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As a partner at Stinson Leonard Street, he co-chairs the firm’s unmanned aircraft and autonomous vehicles practice group. (File photo: Bill Klotz)
As a partner at Stinson Leonard Street, he co-chairs the firm’s unmanned aircraft and autonomous vehicles practice group. (File photo: Bill Klotz)

Breaking the Ice: Legal, military experience fuel varied practice

Name: Stephen Schemenauer

Title: Partner, Stinson Leonard Street

Education: B.S., political science, University of Wisconsin-La Crosse; J.D., Mitchell Hamline School of Law

 

Stephen Schemenauer’s extensive legal and military backgrounds inform his practice, which ranges from construction and real estate litigation to issues surrounding cybersecurity, unmanned aircraft and autonomous vehicle issues.

An Army colonel, Schemenauer gained construction experience as a combat engineer and with an equipment manufacturing company.

Schemenauer has used unmanned aerial vehicles in Afghanistan and Iraq and domestically in disaster responses. As a partner at Stinson Leonard Street, he co-chairs the firm’s unmanned aircraft and autonomous vehicles practice group.

Schemenauer, a military intelligence officer with two Bronze Stars, has leveraged his cybersecurity experience to help clients address cybersecurity preparedness and data breach incident response.

“No one day is the same as the next, and I enjoy that aspect” of the practice, Schemenauer said.

Schemenauer and several high school buddies enlisted in the Army Reserve, acting on “a patriotic sense of duty” in the buildup to 1990’s Operation Desert Storm after getting their parents’ permission.

Q. What’s the best way to start a conversation with you?

A. Ask if you can buy me a beer. Anyone who knows me will tell that I’m not shy and I’m never without a good story so it’s not hard to strike up a conversation with me.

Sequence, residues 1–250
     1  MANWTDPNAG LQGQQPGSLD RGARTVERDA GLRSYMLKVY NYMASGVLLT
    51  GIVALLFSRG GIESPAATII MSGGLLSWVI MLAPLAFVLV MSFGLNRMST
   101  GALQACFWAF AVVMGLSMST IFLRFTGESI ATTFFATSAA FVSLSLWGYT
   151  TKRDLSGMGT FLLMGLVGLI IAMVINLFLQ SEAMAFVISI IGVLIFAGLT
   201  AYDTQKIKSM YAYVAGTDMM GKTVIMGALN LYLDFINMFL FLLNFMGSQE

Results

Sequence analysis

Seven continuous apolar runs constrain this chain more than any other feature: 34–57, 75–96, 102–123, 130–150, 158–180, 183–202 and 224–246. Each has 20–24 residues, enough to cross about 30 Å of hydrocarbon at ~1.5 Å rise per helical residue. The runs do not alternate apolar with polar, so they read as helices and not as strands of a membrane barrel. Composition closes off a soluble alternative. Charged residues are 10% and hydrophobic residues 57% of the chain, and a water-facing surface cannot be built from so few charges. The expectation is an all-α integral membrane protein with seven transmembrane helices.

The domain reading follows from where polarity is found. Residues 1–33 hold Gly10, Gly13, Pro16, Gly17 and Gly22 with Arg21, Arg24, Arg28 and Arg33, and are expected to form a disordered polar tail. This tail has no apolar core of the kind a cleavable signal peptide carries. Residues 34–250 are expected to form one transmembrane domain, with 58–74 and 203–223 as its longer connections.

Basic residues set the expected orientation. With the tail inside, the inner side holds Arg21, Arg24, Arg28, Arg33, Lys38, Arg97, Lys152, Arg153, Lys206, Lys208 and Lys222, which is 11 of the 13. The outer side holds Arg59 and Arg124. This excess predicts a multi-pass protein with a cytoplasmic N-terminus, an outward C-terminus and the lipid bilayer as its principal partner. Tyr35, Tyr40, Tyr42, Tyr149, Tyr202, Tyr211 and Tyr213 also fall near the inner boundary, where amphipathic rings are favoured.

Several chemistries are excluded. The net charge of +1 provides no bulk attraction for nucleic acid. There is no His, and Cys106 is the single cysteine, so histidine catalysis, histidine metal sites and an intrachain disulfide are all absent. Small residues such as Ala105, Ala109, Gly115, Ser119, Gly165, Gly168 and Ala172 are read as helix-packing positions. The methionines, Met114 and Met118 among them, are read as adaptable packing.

Q. What prompted you to study law and pursue it professionally?

A. My eighth-grade teacher and I were arguing one day. He recommended that I become a lawyer because I loved to argue and was good at it.

In high school I was accused of passing a stopped school bus. Contrary to good advice, I represented myself in court and during cross-examination got the bus driver to admit that she had closed the door before I passed. Since the lights and the sign are all integrated into the door once it was closed, that meant that the lights were off and the sign was retracted — meaning I could not have possibly passed her illegally. The judge agreed and dismissed my case. I was really set on going to law school after that.

Q. What books are on your bedside table or e-reader?

A. The last book I read was “The Putin Interviews” by Oliver Stone. These provide interesting glimpses into what’s driving our relationship with Russia. I also read Parameters, the U.S. Army War College quarterly. My research article, “Using the Rule of Law to Combat the Islamic State,” was published in Parameters in 2016.

Q. What is a pet peeve of yours?

A. People who don’t answer the question asked because they’re not paying attention or they’re being evasive.

Q. What are your favorite aspects of being an attorney?

A. I like being a person that people turn to when they have question that can’t be answered or a problem they can’t solve. I appreciate the flexibility. It also allows me to continue to serve my state and nation in the Minnesota Army National Guard.

Q. Least favorite?

A. It’s probably the constant adversarial nature of litigation. I think every litigator would agree that it can be exhausting to constantly fight. I enjoy the tactics and strategy, but it can be a grind as well.

Q. What’s a favorite activity outside your job?

A. I enjoy hunting, fishing and spending time with family. My time is pretty limited, so I try to maximize every opportunity I get.

Q. If someone visits you in your hometown, what would you take them to see or do?

A. I grew up in small town in rural Wisconsin. There’s not a lot to do there. So it would probably be to hunt or fish.

Q. Is there an attorney or judge, past or present, whom you admire most?

A. I externed for [U.S. District] Judge [Donovan] Frank while in law school. The thing I appreciated most about him was his ability to separate his personal opinion from his legal opinion. His impartiality and lack of bias is what every judge should aspire to. He is a big reason why I want to be a judge one day myself.

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